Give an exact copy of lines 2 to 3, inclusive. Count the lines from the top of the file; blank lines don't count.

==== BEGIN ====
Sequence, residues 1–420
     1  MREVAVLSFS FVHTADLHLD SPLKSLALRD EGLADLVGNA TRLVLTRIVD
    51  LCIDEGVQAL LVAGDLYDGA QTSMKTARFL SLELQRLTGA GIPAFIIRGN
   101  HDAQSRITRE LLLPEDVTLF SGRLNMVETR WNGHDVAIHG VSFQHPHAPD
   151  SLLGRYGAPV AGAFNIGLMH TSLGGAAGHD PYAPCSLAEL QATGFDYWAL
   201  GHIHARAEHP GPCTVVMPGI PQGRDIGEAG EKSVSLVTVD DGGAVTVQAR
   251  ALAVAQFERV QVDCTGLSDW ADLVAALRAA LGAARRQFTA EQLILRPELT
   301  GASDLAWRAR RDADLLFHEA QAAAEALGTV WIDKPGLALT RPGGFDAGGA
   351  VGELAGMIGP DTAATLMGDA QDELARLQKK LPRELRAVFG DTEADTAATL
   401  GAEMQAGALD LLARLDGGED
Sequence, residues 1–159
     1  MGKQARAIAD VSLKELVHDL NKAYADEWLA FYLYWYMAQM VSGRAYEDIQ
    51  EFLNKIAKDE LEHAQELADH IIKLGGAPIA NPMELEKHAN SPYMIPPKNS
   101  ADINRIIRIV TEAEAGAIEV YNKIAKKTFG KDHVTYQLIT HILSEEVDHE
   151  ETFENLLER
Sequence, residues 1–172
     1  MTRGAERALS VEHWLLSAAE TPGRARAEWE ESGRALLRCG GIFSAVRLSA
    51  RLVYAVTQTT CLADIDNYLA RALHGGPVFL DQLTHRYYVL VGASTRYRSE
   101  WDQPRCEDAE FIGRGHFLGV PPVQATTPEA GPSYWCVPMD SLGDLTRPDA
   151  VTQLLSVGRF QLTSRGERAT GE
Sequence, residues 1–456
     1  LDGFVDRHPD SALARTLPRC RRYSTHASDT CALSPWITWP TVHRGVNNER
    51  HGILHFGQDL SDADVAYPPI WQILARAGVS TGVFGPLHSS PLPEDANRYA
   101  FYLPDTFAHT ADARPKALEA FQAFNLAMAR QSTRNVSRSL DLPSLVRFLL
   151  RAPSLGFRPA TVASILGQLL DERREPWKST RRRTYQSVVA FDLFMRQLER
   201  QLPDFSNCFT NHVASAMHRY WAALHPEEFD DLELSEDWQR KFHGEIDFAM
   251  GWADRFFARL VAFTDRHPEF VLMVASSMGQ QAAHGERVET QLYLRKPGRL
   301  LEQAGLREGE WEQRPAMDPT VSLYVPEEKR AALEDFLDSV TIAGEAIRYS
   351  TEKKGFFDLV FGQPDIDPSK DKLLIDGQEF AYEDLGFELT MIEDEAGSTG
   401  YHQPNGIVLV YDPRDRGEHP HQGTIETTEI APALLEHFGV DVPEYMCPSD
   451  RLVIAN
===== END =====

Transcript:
     1  MREVAVLSFS FVHTADLHLD SPLKSLALRD EGLADLVGNA TRLVLTRIVD
    51  LCIDEGVQAL LVAGDLYDGA QTSMKTARFL SLELQRLTGA GIPAFIIRGN